Measuring airspeed in an aircraft is very important in determining its safety and capabilities. To understand KIAS in aviation, you require more knowledge than the simple reading of an airspeed indicator.
When measuring the speed of an aircraft, a lot of variables come into play to figure out the actual speed. It is not as simple as reading a speedometer in a car. Pilots employ airspeed during crucial flight maneuvers like takeoff, landing, and ascent. Additionally, it helps an airplane maintain its structural integrity while in flight. But first, we need to know what airspeed is and how to measure it.
We will take a deep dive into understanding how to measure the speed of an aircraft and the variables that come into play.
What does KIAS mean in aviation?
KIAS is defined as “knots of indicated airspeed”. In aviation, knots are used as a unit of speed and are similar to kilometers per hour (KPH) and miles per hour (MPH). The Air Speed Indicator displays indicated speed. It is used in performing most tasks in the cockpit since it is quite easy to reference although it may be subject to a lot of inaccuracies.
For a pilot to plan their flight properly they need to correct the indicated speed for many factors. This way they can determine the ground speed between the two points they will be traveling across.
KIAS holds a lot of significance when it comes to determining the safe flying limits of airplanes. It directly indicates the airflow; that is the dynamic air pressure, around the wings and the fuselage of an airplane.
The airflow around an aircraft directly affects its ability to lift off, stall, or maintain structural integrity, hence the pilots continuously check KIAS throughout all phases of flight.
V-speeds are usually identified in terms of KIAS and are used to determine the all-important limits in an aircraft.
V1, VR, VS, VNE, and VMO are all represented in terms of indicated airspeed in this instance since V-speeds are directly related to the airflow.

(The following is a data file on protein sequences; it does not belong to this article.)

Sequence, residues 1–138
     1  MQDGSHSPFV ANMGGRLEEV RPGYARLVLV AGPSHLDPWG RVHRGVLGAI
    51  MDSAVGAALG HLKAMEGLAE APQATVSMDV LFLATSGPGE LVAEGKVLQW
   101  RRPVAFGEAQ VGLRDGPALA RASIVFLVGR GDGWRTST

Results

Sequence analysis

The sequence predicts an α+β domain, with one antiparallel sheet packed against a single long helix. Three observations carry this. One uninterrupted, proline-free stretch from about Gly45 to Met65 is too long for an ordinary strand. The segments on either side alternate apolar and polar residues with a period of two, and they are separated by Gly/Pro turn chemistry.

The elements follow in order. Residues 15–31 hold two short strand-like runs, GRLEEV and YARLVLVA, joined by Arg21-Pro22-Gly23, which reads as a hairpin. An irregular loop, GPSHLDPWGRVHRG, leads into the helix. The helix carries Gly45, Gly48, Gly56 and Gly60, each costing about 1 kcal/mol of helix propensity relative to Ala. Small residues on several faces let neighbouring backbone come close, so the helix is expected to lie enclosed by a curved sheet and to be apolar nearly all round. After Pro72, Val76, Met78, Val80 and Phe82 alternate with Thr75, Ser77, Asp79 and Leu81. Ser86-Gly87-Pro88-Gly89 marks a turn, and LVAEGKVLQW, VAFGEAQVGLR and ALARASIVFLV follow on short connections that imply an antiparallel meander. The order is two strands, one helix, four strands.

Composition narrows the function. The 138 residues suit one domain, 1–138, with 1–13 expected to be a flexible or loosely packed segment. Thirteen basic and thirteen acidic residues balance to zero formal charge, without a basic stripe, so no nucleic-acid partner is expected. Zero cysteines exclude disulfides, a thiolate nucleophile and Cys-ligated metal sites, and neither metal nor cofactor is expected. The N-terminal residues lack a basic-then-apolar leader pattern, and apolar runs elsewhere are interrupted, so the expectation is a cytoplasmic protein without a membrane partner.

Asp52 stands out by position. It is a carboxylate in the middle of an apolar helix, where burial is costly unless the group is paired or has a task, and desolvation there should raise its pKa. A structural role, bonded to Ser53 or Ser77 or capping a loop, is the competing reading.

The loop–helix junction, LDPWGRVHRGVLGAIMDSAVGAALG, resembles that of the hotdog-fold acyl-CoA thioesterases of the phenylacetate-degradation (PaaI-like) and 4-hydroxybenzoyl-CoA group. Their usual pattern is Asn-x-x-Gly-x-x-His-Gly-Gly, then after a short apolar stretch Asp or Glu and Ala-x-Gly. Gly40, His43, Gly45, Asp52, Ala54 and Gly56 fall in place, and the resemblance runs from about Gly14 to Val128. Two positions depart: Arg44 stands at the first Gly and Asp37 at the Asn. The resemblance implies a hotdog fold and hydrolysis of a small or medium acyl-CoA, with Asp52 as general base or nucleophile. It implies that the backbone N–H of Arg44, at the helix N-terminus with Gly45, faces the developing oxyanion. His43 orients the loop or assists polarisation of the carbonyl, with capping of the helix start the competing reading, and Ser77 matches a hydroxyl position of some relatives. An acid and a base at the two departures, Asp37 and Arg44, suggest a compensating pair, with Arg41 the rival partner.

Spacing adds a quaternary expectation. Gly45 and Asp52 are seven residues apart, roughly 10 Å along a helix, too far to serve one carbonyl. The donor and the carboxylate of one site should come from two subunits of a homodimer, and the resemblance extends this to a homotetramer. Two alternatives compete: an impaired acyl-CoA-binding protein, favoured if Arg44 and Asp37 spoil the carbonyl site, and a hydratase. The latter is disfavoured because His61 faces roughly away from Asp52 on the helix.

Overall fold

Here’s a quick summary of what these V-speeds indicate:
- V1 – indicates the speed at which takeoff cannot be canceled.
- VR– It is the rate of rotation or the rate of takeoff for an airplane.
- VS – The stall speed, or the lowest speed at which an airplane can lose control.
- VMO– The speed at which an airplane may operate at its maximum capacity before sounding an alarm.
- VNE– An aircraft should never surpass this speed since doing so could cause structural failure.
KIAS vs KCAS: Types of Airspeed in Aviation
Aviation uses four different categories of airspeed. They include:
- Indicated Airspeed (IAS)
- True Airspeed (TAS)
- Calibrated Airspeed (CAS)
- Groundspeed (GS)
Below we will take a deeper look at each one of them.
- Indicated Airspeed (IAS): This is the speed that is usually read off the airspeed indicator in the cockpit. It is used to reference speed changes. To express the speed limits of the sky, we use airspeed values.
- True Airspeed (TAS): True Airspeed refers to the plane’s speed in relation to the air around it. At higher altitudes, true airspeed is often higher than indicated airspeed. In actuality, for every thousand feet above sea level, true airspeed is typically 2% greater than indicated airspeed. This results from the fact that pressure decreases with altitude.
- Groundspeed (GS): Groundspeed refers to the movement of your airplane relative to the ground. You can attain groundspeed by correcting true airspeeds for wind. For example, an aircraft with a true airspeed of 150 knots and a tailwind of 25 knots will have a ground speed of 175 knots.
- Calibrated Airspeed (CAS): Indicated airspeed corrected for positional and instrument errors is what is known as calibrated airspeed. When an aircraft is flying at certain airspeeds with certain flap settings, the total instrument and installation errors may be several knots.
At lower airspeeds with nose-high pitch altitudes, the installation and instrument errors are observed to be at their highest.
Under the International Standard Atmosphere, calibrated airspeed will be identical to true airspeed when flying at sea level (ISA). The ISA conditions include 15 degrees Celsius, 29.92 inches of mercury and 0% humidity. Calibrated airspeed will equal ground speed if there is no wind.
KIAS vs KCAS vs KTAS
KCAS refers to Knots Calibrated Airspeed and just like its name suggests, the airspeed is calibrated in knots. In locations like the UK, calibrated airspeed is known as direct airspeed.